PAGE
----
The funding problems and overwhelming workload of the CITES Secretariat are now on the desk of the incoming Secretary-General John Scanlon. An Australian national and a lawyer, Scanlon served on the Murray Darling Basin Commission, was an advisor to the World Commission on Dams, headed the IUCN’s Environmental Law Programme, and joined the United Nations Environment Programme in 2007, where he led the UNEP internal reform team.

A newly strengthened partnership with the international police force INTERPOL will be one of the tools Scanlon can use to protect CITES-listed species.

The organized illegal wildlife trade that takes place around the world can involve criminal gangs, armed with automatic weapons, who do not hesitate to murder the wardens, game scouts or forest guards who work to protect defenseless species.

Going through customs at Vancouver International Airport (Photo by Tonx)

“In the past, all too often, the response to such criminals has not been equally organized or sophisticated,” said Wijnstekers. “We are determined that there will be a level playing field and that a new era of wildlife law enforcement is introduced. An era where those who rob countries and communities of their natural resources will face a determined and formidable opposition. It is high time that more wildlife criminals end up behind bars, where they belong.”

Scanlon will work with the recently-formed International Consortium on Combating Wildlife Crime. Made up of the CITES Secretariat, INTERPOL, the UN Office on Drugs and Crime, the World Bank and the World Customs Organization, the consortium now is creating tools to help bring wildlife criminals to justice.

The consortium is cooperating on a manual to help gather more intelligence when smugglers are arrested; threat assessment advice to help countries design their response to wildlife crime; specialized advice on dealing with money-laundering and asset recovery; guidance on the international exchange of information between enforcement agencies; and efforts to raise funds for national capacity-building.

A CITES-INTERPOL law enforcement intelligence training for tiger range states was held in Jakarta last December.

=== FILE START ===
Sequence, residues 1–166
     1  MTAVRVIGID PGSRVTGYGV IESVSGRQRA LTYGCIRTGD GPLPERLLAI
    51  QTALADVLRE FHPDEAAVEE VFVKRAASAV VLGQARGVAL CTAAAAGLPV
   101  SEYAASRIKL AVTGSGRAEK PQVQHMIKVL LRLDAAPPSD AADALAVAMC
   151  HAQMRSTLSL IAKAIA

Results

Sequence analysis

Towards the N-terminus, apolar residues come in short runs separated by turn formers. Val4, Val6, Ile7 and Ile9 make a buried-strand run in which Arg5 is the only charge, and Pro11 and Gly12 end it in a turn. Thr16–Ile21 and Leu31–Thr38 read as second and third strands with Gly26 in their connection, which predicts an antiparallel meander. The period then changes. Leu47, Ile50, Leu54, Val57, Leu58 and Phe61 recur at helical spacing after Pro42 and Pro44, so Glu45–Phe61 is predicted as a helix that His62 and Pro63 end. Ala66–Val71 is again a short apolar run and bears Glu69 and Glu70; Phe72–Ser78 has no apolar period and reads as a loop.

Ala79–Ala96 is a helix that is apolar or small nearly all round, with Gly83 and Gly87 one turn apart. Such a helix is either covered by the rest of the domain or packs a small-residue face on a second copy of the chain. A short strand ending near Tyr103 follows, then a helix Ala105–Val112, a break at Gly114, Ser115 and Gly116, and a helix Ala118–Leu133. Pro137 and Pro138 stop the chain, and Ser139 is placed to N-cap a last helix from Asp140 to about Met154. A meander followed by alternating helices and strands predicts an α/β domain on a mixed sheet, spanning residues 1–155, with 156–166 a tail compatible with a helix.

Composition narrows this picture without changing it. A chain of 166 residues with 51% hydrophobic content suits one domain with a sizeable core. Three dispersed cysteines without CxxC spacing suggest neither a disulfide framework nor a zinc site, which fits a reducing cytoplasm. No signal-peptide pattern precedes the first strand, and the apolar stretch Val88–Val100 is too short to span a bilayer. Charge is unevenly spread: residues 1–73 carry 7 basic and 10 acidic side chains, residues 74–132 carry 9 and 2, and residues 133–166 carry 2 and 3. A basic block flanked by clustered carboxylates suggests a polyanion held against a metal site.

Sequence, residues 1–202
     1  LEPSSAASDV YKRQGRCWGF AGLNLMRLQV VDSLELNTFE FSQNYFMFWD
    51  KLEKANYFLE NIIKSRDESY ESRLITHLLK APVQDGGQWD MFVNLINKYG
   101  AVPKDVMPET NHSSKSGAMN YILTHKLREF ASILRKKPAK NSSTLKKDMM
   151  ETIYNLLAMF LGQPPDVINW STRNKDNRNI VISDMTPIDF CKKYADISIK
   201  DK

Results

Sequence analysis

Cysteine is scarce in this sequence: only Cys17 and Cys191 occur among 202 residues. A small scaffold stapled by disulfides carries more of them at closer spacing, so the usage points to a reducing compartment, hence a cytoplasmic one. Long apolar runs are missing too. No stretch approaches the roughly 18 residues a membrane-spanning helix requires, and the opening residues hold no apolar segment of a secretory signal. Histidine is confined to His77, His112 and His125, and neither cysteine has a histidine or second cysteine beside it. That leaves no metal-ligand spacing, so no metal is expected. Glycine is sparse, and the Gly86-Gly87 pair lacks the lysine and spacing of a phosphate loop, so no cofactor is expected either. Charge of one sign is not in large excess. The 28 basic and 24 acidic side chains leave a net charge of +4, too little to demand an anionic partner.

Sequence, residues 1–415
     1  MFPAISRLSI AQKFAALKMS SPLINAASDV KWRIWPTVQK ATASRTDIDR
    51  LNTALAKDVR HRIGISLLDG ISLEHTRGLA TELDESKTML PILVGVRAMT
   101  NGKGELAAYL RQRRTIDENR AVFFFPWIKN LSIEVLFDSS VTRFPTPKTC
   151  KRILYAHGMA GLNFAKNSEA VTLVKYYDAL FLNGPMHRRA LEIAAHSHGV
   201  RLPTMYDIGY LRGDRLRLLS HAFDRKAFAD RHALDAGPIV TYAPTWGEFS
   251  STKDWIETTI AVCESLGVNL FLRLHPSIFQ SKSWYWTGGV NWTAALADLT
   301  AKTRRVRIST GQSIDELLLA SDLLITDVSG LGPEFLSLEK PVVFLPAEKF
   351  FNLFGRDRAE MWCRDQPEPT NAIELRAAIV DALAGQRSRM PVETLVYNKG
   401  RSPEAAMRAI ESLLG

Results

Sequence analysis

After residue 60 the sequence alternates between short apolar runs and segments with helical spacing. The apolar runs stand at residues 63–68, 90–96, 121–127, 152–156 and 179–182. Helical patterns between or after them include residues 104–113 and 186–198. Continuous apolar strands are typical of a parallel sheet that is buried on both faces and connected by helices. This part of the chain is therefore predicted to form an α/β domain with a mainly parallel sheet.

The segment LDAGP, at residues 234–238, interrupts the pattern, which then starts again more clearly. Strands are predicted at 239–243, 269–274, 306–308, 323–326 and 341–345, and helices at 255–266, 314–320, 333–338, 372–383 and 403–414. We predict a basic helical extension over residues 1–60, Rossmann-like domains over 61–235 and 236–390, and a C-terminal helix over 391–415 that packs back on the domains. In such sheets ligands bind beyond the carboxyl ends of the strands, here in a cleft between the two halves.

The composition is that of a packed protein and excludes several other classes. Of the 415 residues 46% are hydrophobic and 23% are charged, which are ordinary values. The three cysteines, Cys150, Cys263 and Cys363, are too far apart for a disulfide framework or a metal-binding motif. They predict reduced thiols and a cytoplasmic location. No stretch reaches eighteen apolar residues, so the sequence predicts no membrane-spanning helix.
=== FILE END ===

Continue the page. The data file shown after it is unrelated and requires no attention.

At the Doha meeting, countries with rhino populations agreed to focus on increasing law enforcement, training of guards, strengthening border controls, improving rhino population monitoring, creating awareness raising campaigns in consumer countries such as Vietnam, and rooting out organized crime syndicates that are behind the increase in poaching and illegal trade.

Newly listed on CITES Appendix II, this red-eyed tree frog, Agalychnis callidryas, was photographed near Playa Jaco in Costa Rica. (Photo by Carey James Balboa)

While many conservation groups were disappointed in the outcome of the CITES meeting, others were more hopeful.

“As a result of this meeting, tens of thousands of individual animals that are affected by international trade each year will now be protected,” said Teresa Telecky, director of wildlife for Humane Society International. “We are extremely pleased with these results.”

Now is the time for joint action and for regulatory bodies to work together to ensure the continued survival of species threatened by wildlife trade, said the International Union for the Conservation of Nature, IUCN, which maintains the authoritative Red List of Threatened Species.

IUCN provides scientific and technical information to CITES, which offers varying degrees of protection to more than 33,000 species of animals and plants in trade, through a system of regulations, permits and certificates.

“CITES CoP15 has highlighted the challenges facing this convention as one of the many existing agreements for managing commercially important species sustainably,” said Sue Mainka, head of IUCN’s delegation.

“However, the decisions taken at CoP15 should stimulate further evolution of CITES including development of tools and mechanisms needed to support efforts to achieve sustainable management of natural resources,” she said. “Those resources are fundamental elements of our economy and people’s livelihoods.”

The next CITES meeting will be held in Thailand in 2013, when protection of endangered species from international trade will be considered anew.

For previous ENS coverage of the 15th Conference of the Parties to CITES meeting in Doha, please see: